Update: In Nov. 2016, AWS introduced a 5th pillar, “operational excellence” to their Well Architected Framework
I got my AWS certification in November. Since then, a lot of people have asked me about it. So here is a blog with suggestions and a review of the Udemy preparation course that I used. AWS has many certifications. The one I have is the AWS Certified Solutions Architect-Associate. I found the time spent on learning AWS to be valuable. Good luck!
Official logo that you receive after getting certified
In today’s “AWS re:Invent” keynote, Andy Jassy, Senior VP of AWS (Amazon Web Services), said that 90% of their roadmap is driven directly by client feedback. For the other 10%, they listen to what the clients say but have to think about what the client really wants and invent on their behalf to solve the problem. Is server name convention one such scenario where those of us in the cloud space need to innovate?
One of my clients is so invested in their DNS naming convention that their applications and security protocols expect servers to follow a specific convention. They have requested that an IaaS (Infrastructure-as-a-Service) solution needs to conform to their DNS naming standard because it would be so difficult to move away from their convention.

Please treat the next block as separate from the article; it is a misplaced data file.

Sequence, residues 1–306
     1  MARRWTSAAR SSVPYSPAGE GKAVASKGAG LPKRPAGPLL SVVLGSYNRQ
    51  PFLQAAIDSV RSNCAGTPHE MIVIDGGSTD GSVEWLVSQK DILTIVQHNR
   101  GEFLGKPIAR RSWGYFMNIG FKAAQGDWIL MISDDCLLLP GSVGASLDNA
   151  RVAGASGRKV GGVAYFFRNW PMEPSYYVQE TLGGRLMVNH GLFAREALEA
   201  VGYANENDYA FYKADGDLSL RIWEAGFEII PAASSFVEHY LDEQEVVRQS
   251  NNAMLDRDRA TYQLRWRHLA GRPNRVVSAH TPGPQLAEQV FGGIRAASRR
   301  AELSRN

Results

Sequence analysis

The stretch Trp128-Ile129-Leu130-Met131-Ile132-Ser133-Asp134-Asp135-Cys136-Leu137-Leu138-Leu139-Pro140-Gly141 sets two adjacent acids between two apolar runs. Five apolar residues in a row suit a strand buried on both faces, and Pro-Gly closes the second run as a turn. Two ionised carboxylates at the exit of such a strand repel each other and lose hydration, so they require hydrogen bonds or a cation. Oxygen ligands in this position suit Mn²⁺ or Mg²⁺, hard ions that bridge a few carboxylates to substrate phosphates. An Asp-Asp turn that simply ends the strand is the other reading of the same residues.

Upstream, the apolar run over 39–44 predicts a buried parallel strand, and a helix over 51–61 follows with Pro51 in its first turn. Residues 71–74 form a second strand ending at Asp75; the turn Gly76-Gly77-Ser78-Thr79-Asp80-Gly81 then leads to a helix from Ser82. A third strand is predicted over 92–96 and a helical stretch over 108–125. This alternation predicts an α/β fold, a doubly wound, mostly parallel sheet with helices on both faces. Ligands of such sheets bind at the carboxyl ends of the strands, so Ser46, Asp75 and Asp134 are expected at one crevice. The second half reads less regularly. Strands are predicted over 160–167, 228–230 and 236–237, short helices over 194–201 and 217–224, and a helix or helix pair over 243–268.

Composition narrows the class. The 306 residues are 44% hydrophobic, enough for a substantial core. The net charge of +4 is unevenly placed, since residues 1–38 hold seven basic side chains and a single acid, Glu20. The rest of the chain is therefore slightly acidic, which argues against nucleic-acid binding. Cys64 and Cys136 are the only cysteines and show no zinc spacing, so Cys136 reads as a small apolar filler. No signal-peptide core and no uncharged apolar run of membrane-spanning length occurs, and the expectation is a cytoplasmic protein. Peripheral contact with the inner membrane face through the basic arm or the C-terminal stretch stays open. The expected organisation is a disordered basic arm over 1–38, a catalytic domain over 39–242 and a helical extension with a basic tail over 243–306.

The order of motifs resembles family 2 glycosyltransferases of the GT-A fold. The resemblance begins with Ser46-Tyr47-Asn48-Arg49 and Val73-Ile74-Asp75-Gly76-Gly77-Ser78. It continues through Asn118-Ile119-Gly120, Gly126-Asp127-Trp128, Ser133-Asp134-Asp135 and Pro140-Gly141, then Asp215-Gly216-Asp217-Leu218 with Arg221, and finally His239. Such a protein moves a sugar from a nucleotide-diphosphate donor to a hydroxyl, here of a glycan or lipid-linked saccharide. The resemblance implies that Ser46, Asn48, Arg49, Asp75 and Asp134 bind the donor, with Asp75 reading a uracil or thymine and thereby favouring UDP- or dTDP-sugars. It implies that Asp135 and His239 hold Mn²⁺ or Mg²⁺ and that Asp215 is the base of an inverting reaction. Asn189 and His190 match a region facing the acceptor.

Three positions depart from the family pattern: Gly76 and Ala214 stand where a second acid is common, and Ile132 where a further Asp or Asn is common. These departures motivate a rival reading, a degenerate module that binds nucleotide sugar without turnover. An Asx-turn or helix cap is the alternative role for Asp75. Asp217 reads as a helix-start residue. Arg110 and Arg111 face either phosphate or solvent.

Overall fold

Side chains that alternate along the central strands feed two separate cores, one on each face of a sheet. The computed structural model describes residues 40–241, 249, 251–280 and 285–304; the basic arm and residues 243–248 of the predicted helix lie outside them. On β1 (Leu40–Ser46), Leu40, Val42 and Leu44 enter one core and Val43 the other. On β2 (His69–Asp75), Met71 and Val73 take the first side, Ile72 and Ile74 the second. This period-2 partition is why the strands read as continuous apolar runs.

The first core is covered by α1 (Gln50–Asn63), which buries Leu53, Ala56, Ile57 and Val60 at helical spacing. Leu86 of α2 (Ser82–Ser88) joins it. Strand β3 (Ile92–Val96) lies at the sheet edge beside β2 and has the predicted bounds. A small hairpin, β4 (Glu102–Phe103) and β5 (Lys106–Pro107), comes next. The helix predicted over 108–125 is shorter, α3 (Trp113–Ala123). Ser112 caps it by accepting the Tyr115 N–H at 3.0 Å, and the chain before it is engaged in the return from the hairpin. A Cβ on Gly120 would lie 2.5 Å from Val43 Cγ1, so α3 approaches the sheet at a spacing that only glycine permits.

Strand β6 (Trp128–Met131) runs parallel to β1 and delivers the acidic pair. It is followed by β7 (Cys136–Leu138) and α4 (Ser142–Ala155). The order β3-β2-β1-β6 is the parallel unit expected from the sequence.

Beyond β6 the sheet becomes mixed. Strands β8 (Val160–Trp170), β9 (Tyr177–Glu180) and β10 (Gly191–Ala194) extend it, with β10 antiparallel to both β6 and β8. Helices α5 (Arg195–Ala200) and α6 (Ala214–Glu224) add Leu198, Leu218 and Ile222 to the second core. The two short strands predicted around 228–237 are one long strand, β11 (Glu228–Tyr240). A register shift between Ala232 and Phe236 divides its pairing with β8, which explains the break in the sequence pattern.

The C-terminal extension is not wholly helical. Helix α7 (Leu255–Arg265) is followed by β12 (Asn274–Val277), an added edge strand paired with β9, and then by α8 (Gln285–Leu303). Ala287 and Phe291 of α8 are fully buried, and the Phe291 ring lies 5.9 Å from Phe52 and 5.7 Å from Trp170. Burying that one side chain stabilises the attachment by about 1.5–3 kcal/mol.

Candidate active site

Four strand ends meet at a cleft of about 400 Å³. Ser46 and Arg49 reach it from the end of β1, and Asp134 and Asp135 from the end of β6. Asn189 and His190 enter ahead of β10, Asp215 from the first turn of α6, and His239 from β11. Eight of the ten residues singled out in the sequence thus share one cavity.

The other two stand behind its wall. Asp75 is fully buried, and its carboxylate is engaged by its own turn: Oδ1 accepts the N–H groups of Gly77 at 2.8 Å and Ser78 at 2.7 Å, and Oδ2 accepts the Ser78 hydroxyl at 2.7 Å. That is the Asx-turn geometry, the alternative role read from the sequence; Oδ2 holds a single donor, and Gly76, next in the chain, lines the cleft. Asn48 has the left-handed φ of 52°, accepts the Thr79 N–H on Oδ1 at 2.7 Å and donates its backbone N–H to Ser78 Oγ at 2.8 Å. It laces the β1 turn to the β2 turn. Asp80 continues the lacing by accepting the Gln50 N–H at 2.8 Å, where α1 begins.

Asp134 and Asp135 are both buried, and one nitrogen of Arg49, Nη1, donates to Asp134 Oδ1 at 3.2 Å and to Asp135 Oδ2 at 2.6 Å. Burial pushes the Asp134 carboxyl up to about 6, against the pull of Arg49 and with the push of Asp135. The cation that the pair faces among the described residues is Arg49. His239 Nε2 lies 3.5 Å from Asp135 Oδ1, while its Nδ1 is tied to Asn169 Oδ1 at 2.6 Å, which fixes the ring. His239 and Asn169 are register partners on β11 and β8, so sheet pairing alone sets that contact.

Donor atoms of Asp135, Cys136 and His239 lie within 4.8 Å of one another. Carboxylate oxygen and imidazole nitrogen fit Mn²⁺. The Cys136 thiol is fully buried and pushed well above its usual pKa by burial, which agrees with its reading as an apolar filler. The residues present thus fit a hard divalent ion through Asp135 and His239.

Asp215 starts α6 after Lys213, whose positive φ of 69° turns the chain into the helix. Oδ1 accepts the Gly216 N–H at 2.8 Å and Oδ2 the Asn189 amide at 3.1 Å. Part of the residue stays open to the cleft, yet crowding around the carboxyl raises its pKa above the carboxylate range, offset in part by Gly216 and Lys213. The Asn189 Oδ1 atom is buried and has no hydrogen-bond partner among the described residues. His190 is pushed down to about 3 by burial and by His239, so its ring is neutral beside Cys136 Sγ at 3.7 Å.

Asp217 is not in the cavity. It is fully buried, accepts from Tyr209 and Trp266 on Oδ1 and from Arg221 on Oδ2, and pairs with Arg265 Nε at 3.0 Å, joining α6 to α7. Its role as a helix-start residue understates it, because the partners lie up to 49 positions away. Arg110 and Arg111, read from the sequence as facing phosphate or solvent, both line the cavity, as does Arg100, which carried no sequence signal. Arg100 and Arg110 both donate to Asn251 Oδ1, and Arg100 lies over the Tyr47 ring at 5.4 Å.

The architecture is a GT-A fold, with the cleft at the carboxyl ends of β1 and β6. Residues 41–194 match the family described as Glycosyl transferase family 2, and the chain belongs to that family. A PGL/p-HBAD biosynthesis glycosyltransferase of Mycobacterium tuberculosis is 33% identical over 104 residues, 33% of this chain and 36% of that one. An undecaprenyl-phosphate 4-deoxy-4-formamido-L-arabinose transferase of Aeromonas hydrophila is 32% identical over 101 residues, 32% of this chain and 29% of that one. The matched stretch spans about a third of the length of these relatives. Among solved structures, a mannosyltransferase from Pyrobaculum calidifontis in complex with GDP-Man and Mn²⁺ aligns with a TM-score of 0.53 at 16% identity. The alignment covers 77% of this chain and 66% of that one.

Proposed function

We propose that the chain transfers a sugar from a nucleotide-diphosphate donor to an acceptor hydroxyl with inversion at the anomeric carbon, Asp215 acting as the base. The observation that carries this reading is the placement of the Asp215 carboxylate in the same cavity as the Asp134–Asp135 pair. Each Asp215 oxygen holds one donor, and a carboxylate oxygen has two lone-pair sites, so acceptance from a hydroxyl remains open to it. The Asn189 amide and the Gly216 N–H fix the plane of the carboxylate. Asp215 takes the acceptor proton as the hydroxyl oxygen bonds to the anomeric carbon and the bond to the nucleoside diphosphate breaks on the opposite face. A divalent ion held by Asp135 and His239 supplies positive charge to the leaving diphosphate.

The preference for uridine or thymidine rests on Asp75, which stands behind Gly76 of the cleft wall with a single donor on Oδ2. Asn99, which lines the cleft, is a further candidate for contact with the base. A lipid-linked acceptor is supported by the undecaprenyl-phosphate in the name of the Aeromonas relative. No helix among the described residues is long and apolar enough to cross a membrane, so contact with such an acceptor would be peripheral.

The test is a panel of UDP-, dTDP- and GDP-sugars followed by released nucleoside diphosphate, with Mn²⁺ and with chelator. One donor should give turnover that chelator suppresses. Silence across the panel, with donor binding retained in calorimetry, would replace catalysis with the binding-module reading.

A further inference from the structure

Can we build clouds that scale and meet existing DNS naming conventions? Do we want to? In the long-term, when enterprises have fully embraced cloud, my belief is that we will move away from server naming conventions to server tagging and search. Such a transition will neither be quick nor easy. As Mark Twain wrote in The Adventures of Tom Sawyer, “the less there is to justify a traditional custom, the harder it is to get rid of it”. We will need interim solutions.